Gold Medal-Winning Australian Racewalker Wears Keepsake From Holocaust Survivor Grandmother in Competition
Jemima Montag in an interview with Athletics Australia. Photo: YouTube screenshot.
Australian racewalker Jemima Montag wore a gold bracelet made from a necklace that belonged to her late grandmother, a Holocaust survivor, when she won her second Commonwealth Games gold medal on Saturday in the 10,000-meter walk.
The medical student, 24, who wears the bracelet in every competition, finished the race in 42 minutes and 34 seconds at the Alexander Stadium in Birmingham, England. The reigning Commonwealth Games champion is the first woman to win a gold medal in racewalking since fellow Australian Jane Saville in 2006. She told the Australian Broadcasting Channel (ABC) about wearing the keepsake during her races, “It’s certainly a lucky charm. I can feel it there wobbling around and she’s with me.”
Montag’s paternal grandmother Judith, a survivor of the Auschwitz concentration camp, died last year before Montag competed in the Tokyo Olympics. Judith did not speak about her experience in the Holocaust because of the trauma associated with it, but after her death, Montag and her aunt looked through Judith’s personal items to try and learn more.
“In some of her love letters and journal entries, she wrote about just trying to make it through the next hour the next day, just hoping to meet her dad at the gate with a piece of bread,” Montag shared with ABC. “And I think what I take from that is in a race, it’s one kilometer at a time; it’s one step at a time, not thinking about the finish line.”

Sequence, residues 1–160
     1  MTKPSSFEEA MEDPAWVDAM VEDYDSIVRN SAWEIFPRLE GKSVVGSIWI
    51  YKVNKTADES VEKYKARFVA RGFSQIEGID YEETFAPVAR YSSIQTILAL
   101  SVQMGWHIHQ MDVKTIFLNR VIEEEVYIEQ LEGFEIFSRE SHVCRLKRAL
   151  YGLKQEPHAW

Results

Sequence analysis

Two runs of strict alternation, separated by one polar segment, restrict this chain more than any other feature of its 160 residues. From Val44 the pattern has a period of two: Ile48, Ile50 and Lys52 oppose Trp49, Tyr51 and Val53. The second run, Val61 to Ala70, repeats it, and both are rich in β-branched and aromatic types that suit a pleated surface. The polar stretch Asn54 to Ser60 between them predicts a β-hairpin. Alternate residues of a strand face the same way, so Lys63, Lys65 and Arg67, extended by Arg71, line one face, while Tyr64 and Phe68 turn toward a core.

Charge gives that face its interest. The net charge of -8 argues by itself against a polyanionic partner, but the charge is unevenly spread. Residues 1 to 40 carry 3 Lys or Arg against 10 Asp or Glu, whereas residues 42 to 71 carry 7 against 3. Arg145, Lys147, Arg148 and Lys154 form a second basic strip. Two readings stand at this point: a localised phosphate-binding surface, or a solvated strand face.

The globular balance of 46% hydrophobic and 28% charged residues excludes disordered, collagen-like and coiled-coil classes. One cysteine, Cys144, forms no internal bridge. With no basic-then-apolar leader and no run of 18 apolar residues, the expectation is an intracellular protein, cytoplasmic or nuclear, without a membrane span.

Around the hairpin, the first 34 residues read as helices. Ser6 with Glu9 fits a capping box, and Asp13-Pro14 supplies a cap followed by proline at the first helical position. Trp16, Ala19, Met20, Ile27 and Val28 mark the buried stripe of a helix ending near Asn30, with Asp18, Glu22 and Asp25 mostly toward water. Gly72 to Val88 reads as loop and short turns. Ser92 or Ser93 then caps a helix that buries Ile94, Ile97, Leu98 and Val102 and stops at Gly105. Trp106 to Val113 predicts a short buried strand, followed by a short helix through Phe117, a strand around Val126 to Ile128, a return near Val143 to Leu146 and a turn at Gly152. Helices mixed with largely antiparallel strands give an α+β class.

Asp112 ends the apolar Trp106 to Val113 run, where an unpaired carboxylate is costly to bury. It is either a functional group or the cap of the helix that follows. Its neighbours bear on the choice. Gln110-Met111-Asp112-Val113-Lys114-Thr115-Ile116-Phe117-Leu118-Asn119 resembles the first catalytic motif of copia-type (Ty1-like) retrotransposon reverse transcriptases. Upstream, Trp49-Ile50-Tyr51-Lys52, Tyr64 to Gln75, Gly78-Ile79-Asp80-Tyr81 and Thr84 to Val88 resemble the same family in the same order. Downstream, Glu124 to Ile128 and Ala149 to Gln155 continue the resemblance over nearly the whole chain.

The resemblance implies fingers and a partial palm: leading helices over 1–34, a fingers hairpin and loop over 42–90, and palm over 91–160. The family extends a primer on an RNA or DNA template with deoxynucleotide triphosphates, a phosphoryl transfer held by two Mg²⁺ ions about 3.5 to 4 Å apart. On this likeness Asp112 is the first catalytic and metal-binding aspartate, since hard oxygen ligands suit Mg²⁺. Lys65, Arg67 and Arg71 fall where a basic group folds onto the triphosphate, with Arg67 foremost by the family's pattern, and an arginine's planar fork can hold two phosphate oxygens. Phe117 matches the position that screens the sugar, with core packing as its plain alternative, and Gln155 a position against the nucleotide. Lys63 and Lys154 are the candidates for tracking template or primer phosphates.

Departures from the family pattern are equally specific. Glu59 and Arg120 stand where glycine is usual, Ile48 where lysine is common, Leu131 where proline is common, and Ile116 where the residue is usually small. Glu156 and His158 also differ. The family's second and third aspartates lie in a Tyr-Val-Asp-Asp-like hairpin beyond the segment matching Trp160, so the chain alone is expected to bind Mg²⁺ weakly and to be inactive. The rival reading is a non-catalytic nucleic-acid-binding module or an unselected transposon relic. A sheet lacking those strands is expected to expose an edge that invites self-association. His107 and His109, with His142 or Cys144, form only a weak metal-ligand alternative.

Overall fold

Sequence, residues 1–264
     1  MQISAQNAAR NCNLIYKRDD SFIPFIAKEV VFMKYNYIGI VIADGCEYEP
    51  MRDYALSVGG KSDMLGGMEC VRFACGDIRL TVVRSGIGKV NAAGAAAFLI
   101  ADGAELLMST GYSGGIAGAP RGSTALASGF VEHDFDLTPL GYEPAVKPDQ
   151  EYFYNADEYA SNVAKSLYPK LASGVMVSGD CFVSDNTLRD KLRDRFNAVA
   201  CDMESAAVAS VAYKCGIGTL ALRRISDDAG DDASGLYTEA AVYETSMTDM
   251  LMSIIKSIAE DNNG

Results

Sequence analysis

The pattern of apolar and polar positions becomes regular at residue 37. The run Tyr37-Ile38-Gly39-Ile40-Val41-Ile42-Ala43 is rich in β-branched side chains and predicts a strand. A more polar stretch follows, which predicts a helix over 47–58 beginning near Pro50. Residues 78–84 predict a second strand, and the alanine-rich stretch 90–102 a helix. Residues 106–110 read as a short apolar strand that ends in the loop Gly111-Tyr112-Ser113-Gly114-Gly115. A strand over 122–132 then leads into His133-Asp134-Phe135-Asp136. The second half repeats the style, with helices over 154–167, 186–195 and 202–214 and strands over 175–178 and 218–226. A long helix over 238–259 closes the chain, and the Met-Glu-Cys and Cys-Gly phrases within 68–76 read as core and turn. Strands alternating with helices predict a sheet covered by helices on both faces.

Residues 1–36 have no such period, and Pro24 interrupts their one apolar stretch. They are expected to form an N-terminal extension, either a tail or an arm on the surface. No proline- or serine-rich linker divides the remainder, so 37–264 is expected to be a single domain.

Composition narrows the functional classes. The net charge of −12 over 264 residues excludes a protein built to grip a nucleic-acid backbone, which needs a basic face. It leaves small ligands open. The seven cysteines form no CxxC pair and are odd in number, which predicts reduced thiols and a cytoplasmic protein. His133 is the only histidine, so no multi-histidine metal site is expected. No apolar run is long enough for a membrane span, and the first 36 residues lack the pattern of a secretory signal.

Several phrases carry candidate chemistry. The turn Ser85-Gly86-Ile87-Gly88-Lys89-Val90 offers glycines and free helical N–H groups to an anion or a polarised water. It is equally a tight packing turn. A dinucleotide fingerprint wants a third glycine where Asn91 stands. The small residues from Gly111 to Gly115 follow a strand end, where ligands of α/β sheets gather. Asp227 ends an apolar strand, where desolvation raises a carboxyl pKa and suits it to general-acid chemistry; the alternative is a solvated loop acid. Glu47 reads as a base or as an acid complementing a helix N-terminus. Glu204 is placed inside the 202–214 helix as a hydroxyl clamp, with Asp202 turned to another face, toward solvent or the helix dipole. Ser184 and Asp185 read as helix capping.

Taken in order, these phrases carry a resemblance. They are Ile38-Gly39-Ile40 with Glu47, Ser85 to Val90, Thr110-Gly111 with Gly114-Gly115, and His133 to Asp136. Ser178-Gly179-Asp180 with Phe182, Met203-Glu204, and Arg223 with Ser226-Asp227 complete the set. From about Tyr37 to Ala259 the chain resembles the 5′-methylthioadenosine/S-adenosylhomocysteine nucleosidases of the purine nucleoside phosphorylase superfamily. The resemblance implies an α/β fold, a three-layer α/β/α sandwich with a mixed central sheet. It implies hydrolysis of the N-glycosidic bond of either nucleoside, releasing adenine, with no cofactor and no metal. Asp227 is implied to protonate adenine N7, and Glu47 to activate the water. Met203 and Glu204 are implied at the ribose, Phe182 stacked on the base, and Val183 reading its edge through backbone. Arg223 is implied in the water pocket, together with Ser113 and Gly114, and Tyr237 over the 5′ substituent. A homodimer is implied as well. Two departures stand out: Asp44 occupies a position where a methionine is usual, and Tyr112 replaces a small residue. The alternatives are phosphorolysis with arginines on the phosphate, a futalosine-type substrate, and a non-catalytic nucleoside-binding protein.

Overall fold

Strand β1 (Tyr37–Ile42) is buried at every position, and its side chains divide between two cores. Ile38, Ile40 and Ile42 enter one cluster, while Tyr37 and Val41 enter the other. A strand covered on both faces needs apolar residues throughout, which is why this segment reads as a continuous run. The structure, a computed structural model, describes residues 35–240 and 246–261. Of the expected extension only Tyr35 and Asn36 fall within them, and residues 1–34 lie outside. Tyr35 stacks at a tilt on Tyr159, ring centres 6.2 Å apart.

She added: “They marched through snow and cold for days on end in little sandals, and hardly any clothing. And she and her sister took their waistband and tied their wrists together. And they said, ‘we’re getting through this together or not at all.’ And so, [I’m] just visualizing her walking on ice, not knowing when the next meal would be or if she would survive.
“[Racing] is fun,” Montag continued, “and this is something I choose to do, and yes, it’s hard. But someone just two generations ago had that level of strength. And I know it’s with me now.”
She told ABC that the gold bracelet made from Judith’s necklace is a reminder of her grandmother’s “strength and resilience” during the Holocaust, adding, “To uncover the amount of grit, perseverance, and mindfulness and presence that they had to have. It’s just a really tangible reminder of what she sacrificed for dad and then me to even be alive.”
Montag said she is planning to write a book about her grandmother’s experiences.